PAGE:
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Welcoming a new sibling?
How is your angel going to react to no longer being the 'king pin' in the home anymore? Will she suddenly regress and demand a bottle or dummy or insist on wearing nappies? Or will she embrace her sibling with love and acceptance?
You aren't really going to know until the day you bring your newborn home, but here are some tips to help make the transition from being an only child to a big brother / sister slightly easier.
• If you have to move your child out the cot and into a bed, make this move at least 2 months before the baby is born and make a big deal about her new bed.
• Let her go shopping with you to choose the duvet set because she is now a 'big girl', and only 'big girls' sleep in beds.
• Tell her that you will need her help with the baby and make her feel important and needed.
• When in hospital allow her to hold the newborn, include her immediately.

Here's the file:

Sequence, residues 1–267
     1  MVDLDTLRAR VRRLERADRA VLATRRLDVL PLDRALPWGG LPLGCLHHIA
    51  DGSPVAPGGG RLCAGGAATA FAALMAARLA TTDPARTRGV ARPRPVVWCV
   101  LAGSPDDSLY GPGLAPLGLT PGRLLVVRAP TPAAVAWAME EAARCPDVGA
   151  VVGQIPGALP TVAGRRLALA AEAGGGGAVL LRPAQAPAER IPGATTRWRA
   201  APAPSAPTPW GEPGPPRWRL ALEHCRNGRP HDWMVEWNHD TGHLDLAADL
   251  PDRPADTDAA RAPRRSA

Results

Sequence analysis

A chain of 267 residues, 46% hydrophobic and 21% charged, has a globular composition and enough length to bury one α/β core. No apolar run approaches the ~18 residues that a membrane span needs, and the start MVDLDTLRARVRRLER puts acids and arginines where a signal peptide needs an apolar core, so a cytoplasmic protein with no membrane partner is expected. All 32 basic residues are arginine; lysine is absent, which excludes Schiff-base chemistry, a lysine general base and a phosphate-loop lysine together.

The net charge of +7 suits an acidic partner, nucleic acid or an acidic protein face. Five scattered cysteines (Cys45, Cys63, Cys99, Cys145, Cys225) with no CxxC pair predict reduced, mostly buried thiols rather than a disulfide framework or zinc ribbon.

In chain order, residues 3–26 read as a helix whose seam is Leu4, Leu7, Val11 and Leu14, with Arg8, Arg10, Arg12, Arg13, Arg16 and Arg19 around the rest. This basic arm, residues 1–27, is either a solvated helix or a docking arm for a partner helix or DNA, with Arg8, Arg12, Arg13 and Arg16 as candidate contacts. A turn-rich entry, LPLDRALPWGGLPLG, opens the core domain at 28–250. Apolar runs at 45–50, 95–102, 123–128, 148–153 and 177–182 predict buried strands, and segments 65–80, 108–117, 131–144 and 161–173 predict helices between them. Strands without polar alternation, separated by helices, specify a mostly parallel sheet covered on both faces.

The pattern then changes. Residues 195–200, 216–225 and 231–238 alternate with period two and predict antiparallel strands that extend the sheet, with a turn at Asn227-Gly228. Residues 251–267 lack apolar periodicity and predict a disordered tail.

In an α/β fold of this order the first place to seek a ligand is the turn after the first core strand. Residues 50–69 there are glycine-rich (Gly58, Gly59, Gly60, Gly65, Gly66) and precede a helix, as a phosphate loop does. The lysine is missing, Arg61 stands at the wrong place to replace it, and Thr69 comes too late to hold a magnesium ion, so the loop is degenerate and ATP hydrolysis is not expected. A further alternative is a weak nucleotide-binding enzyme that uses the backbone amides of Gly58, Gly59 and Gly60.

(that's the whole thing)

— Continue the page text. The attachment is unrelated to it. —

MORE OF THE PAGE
• Let her give the newborn a small gift to welcome the baby into the family, and vice versa.
• At home ask her to bring the nappy / bottle / dummy, again include her as much and as soon as possible.
• Buy a doll so that when you are changing the newborn's nappy or feeding, she can do the same with her baby.
• Praise her for helping you - praise positive behaviour as that is what you want her to repeat.
• When guests arrive to visit, they should first ignore the newborn, make a fuss over her and then move over to the baby.
• Ensure you make time to spend quality one-on-one time with her.
• If family bring gifts for the newborn, see if they won't be willing to bring something small for her too so that she doesn't feel excluded.
• If you plan on sending your child to creche when the newborn arrives, plan it so that she goes to creche at least 2 months before the baby is born.
By ensuring enough time lapses between your child being moved from cot to bed and going to creche and the newborn coming home, you will hopefully lessen the risk of any feelings of resentment your child may have towards her sibling.
Remain consistent with the way you treat your child, this will only help to reinforce security in her little life and this will in itself make accepting a sibling a little easier.Article originally published on Parent24